But Mr. Karger recognized how the internet had lowered barriers to rallying consumers. Instead of relying on national organizations to mediate their activism, individuals could start and promote their own boycotts. While news organizations covered his protest at the Grand Hyatt, he was not dependent on them to get out information; he disseminated information about his targets on a blog.
They treated Mr. Karger’s boycott not as a stratagem but as a breach of decorum. Many instinctively responded (much like those who today cry “cancel culture”) by celebrating their victimhood. Mr. Manchester said it was a “free-speech, First Amendment issue.” Brian Brown — the executive director for California of the National Organization for Marriage, the leading single-issue anti-gay-marriage group, led by people with close ties to leaders in the Catholic Church and the Church of Jesus Christ of Latter-day Saints — boasted after the Grand Hyatt protest that Mr. Karger’s “bullying” had backfired. The “stunt they pulled against Doug Manchester ended up raising $100,000 for the amendment in 24 hours,” Mr. Brown said in a message to supporters, “and prompted at least 2,000 new marriage supporters to join our ranks.”
But Mr. Manchester did not remain sanguine for long. The next year, he dispatched an aide to an International Gay and Lesbian Travel Association conference with an offer: $25,000 in cash and $100,000 in hotel credits for dropping the boycott. No one appeared to accept the deal, and Mr. Karger kept up the pressure on the hotels, persuading business groups to yank conferences. In late 2010, Mr. Manchester was forced to sell the property.
Others on the receiving end of Mr. Karger’s boycotts attempted to push back. Protect Marriage challenged California’s campaign-finance system in federal court, arguing that disclosure rules threatened First Amendment freedoms with a “systematic attempt to intimidate, threaten and harass donors to the Proposition 8 campaign.” In 2009, the National Organization for Marriage sued Maine, arguing that laws requiring the release of donors’ names were unconstitutional. (Courts upheld both states’ campaign-finance regimes.)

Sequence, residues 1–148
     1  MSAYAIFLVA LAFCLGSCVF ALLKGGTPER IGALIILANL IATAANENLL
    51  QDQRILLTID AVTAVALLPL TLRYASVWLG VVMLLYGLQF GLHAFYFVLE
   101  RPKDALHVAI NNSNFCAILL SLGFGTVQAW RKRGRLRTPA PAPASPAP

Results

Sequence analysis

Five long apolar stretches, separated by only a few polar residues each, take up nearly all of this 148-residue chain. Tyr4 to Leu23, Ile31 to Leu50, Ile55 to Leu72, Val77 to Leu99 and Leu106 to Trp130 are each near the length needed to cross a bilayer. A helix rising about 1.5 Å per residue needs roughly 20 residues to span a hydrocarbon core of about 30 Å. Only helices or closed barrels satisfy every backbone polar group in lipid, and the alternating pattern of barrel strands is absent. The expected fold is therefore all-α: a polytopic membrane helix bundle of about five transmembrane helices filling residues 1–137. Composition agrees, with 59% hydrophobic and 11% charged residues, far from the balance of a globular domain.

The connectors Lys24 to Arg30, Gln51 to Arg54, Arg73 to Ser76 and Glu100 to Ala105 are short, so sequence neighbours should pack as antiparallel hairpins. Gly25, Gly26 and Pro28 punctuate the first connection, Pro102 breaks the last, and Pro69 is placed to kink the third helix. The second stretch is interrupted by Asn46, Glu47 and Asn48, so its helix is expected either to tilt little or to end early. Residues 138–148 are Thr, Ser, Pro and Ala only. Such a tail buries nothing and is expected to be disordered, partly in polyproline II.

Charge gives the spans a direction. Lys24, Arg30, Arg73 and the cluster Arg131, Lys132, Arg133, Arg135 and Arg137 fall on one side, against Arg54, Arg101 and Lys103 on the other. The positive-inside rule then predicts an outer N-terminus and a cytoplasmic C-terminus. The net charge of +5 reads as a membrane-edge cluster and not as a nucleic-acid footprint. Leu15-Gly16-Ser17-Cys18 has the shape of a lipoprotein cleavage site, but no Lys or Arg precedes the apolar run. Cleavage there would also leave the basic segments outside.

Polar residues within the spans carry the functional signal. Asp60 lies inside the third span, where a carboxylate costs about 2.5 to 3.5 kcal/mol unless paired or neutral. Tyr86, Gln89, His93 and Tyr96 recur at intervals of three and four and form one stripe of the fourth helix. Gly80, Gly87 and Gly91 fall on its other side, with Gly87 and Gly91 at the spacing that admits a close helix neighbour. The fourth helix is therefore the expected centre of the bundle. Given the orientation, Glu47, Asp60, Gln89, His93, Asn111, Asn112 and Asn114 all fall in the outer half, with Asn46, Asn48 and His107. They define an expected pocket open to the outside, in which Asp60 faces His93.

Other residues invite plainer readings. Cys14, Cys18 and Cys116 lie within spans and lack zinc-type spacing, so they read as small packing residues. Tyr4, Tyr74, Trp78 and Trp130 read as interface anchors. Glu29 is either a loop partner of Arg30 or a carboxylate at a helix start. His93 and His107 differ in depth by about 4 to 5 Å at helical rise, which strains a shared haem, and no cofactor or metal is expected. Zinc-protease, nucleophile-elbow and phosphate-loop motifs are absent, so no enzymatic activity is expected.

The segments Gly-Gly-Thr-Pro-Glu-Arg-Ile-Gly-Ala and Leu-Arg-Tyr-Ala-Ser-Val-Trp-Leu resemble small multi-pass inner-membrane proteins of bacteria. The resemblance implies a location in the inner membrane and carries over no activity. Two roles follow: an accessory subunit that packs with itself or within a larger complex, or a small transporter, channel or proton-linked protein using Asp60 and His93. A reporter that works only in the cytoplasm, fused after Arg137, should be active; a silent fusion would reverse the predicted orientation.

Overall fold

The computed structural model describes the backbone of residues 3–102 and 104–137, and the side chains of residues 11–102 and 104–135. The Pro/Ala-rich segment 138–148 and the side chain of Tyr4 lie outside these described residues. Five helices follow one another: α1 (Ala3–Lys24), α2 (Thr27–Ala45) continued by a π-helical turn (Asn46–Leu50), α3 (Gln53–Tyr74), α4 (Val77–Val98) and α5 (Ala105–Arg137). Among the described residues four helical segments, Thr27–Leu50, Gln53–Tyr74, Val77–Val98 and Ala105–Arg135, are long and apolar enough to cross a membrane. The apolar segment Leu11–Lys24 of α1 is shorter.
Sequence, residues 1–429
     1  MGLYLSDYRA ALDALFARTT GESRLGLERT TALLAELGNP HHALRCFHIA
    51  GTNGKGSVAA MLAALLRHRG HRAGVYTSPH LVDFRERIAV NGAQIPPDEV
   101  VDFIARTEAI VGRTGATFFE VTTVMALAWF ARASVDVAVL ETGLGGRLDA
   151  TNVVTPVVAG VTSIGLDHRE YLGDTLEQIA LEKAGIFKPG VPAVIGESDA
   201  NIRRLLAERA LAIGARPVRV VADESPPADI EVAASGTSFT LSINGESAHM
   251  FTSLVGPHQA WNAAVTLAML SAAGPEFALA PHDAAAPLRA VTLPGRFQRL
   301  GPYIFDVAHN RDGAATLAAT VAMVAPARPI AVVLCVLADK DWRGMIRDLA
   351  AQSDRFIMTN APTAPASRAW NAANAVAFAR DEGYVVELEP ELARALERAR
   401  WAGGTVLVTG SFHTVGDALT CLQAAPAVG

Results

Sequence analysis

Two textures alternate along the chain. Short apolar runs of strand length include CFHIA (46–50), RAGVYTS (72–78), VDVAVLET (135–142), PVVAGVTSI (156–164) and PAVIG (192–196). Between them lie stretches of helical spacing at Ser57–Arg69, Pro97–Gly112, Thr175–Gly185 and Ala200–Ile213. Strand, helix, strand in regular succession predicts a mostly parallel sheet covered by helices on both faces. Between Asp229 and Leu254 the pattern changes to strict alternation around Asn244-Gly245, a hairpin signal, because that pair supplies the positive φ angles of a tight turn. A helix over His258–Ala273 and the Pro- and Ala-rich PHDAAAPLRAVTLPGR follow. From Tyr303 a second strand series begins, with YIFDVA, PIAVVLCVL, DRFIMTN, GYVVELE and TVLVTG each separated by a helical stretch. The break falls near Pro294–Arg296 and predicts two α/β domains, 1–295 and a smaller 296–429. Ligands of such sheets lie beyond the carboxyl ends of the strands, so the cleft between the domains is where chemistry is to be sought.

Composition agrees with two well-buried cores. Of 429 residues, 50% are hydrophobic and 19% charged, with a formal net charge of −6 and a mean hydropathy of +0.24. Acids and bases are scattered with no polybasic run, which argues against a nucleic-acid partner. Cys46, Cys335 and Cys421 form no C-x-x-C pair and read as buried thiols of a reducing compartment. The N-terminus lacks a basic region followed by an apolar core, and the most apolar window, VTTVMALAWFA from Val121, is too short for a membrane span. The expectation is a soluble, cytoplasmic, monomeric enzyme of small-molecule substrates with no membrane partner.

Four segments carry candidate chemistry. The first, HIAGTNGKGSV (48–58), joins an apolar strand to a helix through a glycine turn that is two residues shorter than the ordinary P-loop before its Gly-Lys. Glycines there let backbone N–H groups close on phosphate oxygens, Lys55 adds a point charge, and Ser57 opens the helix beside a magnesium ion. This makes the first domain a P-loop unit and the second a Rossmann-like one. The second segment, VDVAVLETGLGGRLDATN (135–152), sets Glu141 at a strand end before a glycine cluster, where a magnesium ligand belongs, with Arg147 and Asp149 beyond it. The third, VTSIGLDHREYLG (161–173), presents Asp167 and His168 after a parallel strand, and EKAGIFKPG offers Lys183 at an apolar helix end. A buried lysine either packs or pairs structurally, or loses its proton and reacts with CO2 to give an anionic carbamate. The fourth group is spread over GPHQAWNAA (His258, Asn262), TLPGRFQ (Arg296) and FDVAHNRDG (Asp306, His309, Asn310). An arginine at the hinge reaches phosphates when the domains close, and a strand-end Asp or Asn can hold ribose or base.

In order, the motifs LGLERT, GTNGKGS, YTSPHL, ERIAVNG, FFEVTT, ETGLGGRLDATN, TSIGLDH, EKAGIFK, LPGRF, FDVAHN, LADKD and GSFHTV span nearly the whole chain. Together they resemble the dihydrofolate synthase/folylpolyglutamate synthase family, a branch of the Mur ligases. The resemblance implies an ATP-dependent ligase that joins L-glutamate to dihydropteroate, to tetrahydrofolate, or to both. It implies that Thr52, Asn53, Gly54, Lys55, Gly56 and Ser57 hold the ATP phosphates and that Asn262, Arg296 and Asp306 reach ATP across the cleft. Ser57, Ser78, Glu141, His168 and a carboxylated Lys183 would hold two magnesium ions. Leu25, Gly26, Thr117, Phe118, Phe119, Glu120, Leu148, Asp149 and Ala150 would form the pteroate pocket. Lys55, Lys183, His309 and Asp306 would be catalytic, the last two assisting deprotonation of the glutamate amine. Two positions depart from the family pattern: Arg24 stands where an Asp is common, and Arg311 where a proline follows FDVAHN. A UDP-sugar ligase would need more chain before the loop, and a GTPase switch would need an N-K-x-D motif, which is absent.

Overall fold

At the same time, the U.S. Supreme Court opened up channels for corporations to spend freely on campaigns, and Mr. Karger was a model for other online rabble-rousers. In the summer of 2010, lefty activists pushed Target to repudiate its $150,000 donation to MN Forward, an independent group formed to marshal corporate funds for Republican gubernatorial candidate Tom Emmer. MoveOn collected 150,000 signatures on an anti-Target petition, and 44,000 people expressed support for a Facebook page calling for a nationwide boycott because Mr. Emmer supported a constitutional amendment to define marriage as between one man and one woman. That threat led Target’s chief executive, Gregg Steinhafel, to deliver an unusual message to employees saying he was “extremely sorry” for having approved the donation.
By the time marriage came to four states’ ballots in November 2012, it was clear activists had succeeded in making it “socially unacceptable to give vast amounts of money to take away the rights of a minority,” as Mr. Karger put it. Only five individuals, none of them well known nationally, contributed over $100,000 to any of the anti-gay-marriage campaigns in 2012.
Even religious denominations responded to the new pressure. In Maine, the Catholic Diocese of Portland, which had donated $550,000 to pass Question 1, a 2009 ballot measure banning same-sex marriage, did not directly contribute anything when the issue came up again in 2012. Alan Ashton — a WordPerfect co-founder who served as a Church of Jesus Christ of Latter-day Saints bishop and stake president and was a grandson of a former church president — donated $1 million to Yes on 8. Four years later, he, too, seemed to have walked away from the issue.